Parking in the farmer’s livestock market car park was a little muddy and I had to walk very carefully as I didn’t have another change of clean clothes if I decided to slip over.

The walk in to the town took us across the footbridge covered in padlocks.

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Padlock Bridge

We drove back to the campsite via Matlock Bath which has gained a reputation for being a landlocked seaside resort. The river creates the focus for the visitors to promenade up and down and during the autumn they have the river and road illuminated similar to Blackpool.

Tuesday came around quickly meaning we were heading home. This campsite is run by National Trust and staffed by volunteers. We couldn’t have wished for a better pair of site rangers as Colin and Jenny. In fact in all the years we have been camping we have never met such a pleasant and helpful couple. We will return.

Of course our trip home would be incomplete without a visit to a wool or sewing shop and as always, the extreme knitter had located two shops in the same street in Darley Dale.

I will say that she is a dab hand at sewing/knitting etc.

Many years ago I asked for a pair of trousers legs to be turned up. “Put them on the sewing pile” she said. A few years later I found my trousers still at the bottom of the pile. I tried them on and found I had grown in to them.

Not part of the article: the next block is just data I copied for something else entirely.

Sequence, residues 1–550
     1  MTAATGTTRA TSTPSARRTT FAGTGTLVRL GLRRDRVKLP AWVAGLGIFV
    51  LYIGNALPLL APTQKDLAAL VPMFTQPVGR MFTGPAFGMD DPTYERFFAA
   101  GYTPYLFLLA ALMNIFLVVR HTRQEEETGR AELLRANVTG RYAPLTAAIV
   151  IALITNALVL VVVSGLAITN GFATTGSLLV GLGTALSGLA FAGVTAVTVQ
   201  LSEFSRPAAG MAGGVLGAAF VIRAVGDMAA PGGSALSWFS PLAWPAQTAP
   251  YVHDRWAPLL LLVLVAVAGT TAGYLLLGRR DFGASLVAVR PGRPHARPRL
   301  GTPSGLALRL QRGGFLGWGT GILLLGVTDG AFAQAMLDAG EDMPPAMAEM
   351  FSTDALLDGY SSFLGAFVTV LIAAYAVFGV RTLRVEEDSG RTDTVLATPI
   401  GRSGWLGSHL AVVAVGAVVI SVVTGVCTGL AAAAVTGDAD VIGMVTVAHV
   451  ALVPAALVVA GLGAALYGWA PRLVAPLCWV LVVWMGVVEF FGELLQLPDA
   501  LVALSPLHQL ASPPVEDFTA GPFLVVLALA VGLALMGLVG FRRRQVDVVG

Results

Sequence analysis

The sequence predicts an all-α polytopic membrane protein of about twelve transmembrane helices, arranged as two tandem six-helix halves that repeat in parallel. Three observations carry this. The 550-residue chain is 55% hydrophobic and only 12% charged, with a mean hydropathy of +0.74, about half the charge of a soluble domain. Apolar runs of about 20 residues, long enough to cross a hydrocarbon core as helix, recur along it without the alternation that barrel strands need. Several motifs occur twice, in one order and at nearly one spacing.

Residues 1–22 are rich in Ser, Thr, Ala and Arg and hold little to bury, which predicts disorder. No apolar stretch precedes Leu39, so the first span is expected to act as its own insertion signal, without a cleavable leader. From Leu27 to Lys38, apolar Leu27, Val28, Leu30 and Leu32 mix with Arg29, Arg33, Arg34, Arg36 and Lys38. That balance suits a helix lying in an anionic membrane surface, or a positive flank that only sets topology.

The pressures on

We use a large 8 litre capacity pressure cooker at home that is great for large quanities of stew or soup to freeze. Large meat joints are so succulent when cooked this way. 8 litres is big and also a bit of a hassle when you only want to cook a small amount.

We started looking at small pressure cookers that would serve as a useful everyday size for the kitchen at home and double up as a utensil for the campervan.

The advantages of using a pressure cooker are low running cost with a vast reduction in the gas used and the food retains its flavour in the enclosed pot as it is steamed rather that boiled.

Research highlighted the Indian manufactured Hawkins range and I started to look for a 2 litre capacity Hawkins original cooker as made by the company since 1959.

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Luckily, the guys from the Betty Bus Blog told me about their Hawkins Futura model and that’s what I purchased.

https://bettybus.wordpress.com/

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http://www.hawkinscookers.com/1.1.8.hawkinsSS.asp

Although a 3 litre would have been a good size for home use unfortunately it wouldn’t fit in the campervan.

The quality is exceptional, with its hard anodised finish and clever mounting of the pressure weight. It’s flowing modern design has earned it the accolade of being the only pressure cooker in the world to have been displayed by The Museum of Modern Art, New York.

We use it on a daily basis at home as it’s ideal for two people, so it will be ideal for our campervan trips.